The recent arrest, trial, and subsequent conviction of Joaquin “El Chapo” Guzman, the former head of the Sinaloa drug cartel, has allowed America to notch a rare win in its so-called war on drugs.
However, even as the world’s most renown drug kingpin begins his life sentence in the Colorado supermax facility known as the “Alcatraz of the Rockies”, questions remain about why the capture and prosecution of El Chapo has done virtually nothing to stem the flow of illegal narcotics into the U.S.
In a special report, El Chapo arrest, the cartels, and America’s opioid addiction, Thomson Reuters examines this question, with expert insight from Peter Vincent, former general counsel for Thomson Reuters Special Services (TRSS) and now a member of Henley & Partners, a global firm that specializes in residence and citizenship planning. Before joining TRSS, Vincent was former acting director of International Affairs for the Department of Homeland Security and principal legal advisor for Immigration and Customs Enforcement under the Obama administration.
Vincent says that “for all their viciousness, these large cartels are run like sophisticated, trans-national organizations” that can “hire the best accountants, attorneys, engineers, technicians, chemists, and security that money can buy.”
Poor results despite dollars spent
Worse yet, as the special report points out, the widening gap between the dollars and resources spent on drug-related law enforcement and the pitiful lack of results has re-focused the question on whether there are better ways to wage this fight. And after more than $1 trillion spent over the past 50 years since the “war on drugs” began, it’s not surprising that some people have lost their stomach for this fight.
Vincent is one of those people, concluding that the country’s drug policy is misguided, and bold systemic changes are needed as the nation tries to address its opioid epidemic. Indeed, as the special report notes, more than 70,000 people in the U.S. died from drug overdoses in 2017, according to the National Institute for Drug Abuse, and more than two-thirds of those deaths involved some form of opioid.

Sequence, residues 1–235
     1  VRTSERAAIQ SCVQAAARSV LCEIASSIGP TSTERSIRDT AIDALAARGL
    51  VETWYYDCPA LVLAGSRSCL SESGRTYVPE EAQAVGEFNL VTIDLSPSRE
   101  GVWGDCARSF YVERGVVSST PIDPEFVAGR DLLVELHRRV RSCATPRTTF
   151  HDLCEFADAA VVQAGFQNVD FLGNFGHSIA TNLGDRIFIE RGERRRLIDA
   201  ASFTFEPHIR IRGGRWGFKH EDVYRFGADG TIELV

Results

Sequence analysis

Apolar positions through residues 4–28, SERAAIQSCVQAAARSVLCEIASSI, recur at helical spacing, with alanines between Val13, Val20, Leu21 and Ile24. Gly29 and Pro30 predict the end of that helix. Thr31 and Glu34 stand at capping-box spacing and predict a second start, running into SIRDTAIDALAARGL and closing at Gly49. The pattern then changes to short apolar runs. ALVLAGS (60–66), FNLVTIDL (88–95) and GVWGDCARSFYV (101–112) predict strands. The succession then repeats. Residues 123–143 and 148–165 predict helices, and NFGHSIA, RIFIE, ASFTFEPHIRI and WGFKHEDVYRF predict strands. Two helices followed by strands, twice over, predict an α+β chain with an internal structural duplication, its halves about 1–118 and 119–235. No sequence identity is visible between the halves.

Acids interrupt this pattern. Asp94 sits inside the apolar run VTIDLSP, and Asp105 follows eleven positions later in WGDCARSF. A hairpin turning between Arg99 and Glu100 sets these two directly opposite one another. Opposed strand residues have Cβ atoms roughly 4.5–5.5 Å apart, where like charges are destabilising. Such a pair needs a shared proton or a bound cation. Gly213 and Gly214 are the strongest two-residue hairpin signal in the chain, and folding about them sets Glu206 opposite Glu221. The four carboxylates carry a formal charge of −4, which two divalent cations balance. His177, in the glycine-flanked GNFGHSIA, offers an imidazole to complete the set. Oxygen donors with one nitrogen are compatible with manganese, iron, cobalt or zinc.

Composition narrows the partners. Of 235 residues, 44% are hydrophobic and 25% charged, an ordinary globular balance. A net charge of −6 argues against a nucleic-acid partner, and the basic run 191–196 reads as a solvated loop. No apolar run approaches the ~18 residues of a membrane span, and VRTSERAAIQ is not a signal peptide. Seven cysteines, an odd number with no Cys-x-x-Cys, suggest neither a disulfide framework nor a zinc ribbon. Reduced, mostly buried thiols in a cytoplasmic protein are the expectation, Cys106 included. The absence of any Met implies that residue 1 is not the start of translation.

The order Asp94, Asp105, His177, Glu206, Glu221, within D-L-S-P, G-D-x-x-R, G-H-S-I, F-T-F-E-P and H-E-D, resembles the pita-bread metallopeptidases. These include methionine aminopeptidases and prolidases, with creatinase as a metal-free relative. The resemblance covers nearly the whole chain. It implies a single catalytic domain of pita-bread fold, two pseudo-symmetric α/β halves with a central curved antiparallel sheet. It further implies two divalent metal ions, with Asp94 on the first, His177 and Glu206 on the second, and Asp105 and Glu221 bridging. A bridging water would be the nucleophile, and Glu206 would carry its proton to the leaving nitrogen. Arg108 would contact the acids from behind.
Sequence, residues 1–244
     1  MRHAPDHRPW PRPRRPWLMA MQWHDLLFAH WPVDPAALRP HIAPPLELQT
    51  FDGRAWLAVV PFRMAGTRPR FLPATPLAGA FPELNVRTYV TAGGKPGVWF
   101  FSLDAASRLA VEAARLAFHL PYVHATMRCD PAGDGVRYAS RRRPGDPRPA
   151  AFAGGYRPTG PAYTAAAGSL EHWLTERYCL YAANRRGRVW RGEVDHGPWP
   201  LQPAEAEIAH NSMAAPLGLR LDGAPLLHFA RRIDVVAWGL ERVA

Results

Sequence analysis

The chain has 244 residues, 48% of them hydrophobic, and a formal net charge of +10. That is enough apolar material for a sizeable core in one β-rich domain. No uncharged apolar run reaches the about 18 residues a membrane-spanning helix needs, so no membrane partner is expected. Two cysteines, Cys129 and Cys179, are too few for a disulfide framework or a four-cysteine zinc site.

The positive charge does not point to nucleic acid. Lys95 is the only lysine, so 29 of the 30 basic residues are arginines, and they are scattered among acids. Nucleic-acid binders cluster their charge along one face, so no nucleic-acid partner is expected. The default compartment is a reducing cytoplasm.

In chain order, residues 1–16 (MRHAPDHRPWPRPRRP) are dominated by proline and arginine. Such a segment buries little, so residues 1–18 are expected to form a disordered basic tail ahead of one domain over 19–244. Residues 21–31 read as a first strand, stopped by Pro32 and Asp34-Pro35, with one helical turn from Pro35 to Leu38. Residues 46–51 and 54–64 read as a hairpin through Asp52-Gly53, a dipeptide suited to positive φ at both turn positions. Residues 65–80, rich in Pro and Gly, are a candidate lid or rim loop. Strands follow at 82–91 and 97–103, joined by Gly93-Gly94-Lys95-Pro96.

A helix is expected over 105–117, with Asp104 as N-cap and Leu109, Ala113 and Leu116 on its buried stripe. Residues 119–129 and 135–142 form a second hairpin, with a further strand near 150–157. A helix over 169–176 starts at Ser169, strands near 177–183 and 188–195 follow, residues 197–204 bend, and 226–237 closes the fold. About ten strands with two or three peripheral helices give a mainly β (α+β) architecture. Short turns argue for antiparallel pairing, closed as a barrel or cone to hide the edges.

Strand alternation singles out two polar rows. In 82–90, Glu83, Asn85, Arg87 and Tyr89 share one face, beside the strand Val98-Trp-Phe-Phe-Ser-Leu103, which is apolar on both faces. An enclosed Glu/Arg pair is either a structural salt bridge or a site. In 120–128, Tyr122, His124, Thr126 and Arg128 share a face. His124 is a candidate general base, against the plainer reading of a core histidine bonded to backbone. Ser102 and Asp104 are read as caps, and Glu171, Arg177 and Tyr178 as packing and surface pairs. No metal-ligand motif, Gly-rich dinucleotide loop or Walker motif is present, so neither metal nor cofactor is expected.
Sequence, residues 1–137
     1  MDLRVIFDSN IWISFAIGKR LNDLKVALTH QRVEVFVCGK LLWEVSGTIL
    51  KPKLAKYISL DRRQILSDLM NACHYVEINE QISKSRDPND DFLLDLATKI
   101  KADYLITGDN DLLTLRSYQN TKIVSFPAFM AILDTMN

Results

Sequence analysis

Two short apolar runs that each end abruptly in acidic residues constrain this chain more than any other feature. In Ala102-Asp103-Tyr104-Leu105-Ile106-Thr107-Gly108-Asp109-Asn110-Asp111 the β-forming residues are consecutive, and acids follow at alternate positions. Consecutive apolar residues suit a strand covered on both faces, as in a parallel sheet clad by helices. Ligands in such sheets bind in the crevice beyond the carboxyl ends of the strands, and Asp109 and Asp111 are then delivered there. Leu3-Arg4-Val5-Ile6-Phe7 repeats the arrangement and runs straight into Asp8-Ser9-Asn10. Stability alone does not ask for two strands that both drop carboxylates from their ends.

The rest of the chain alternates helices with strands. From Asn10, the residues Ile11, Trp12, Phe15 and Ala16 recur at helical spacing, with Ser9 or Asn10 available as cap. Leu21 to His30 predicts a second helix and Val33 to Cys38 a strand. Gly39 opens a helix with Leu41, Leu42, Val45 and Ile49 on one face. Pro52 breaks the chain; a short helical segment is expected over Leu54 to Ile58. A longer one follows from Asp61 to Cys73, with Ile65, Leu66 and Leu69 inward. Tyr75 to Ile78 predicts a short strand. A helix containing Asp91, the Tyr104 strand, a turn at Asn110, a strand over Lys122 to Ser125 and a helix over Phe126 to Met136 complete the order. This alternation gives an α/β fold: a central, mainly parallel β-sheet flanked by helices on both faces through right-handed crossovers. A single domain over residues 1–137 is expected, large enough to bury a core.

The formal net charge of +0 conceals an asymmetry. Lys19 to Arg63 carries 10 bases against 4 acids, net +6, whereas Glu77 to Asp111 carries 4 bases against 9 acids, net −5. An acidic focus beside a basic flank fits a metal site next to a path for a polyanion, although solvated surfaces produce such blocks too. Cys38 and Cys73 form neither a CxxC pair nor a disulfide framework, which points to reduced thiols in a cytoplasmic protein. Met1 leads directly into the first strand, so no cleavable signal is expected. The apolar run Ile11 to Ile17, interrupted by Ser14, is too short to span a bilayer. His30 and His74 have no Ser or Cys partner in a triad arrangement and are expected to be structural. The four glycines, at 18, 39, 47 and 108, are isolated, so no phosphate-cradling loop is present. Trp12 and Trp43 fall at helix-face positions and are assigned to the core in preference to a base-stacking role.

“As someone who was on the front lines for many years, I can tell you that our attention has been dangerously misguided,” says Vincent. “We have spent way too much time and money addressing the supply side, and not nearly enough on the demand side.”
How to fight the war on drugs?
The special report goes on to describe ways America could address this epidemic from the demand side by working to reduce the number of people who desire, purchase, and consume opioids. However, the opioid epidemic presents a particularly thorny social problem because as the report describes, it affects people of all races, nationalities, and income levels.
One way to reduce people’s dependency on opioids that Vincent talks about in the report is to change the way addicts are perceived and treated. Further, he says, any realistic approach to the opioid epidemic would require a multi-pronged strategy involving cooperation between the criminal-justice system, the medical community, social-service providers, mental-health professionals, employment counselors, and myriad other support services. It would also take an overhaul of the U.S. health-insurance industry that would allow — and even encourage — wider use of alternative pain-management techniques to keep people from becoming addicted in the first place.
Indeed, this problem that has deeper impact on American than just our health, Vincent says, adding that it has affected our nation’s ability to be taken serious as a leader on the global stage. “Our rates of drug use, mass shootings, depression, and alcoholism are greatly impacting our ability to establish any moral high ground in the world,” he says. “We as a nation often find ourselves lecturing people to follow our example, but that’s a hard argument to make when our indicators are so poor.”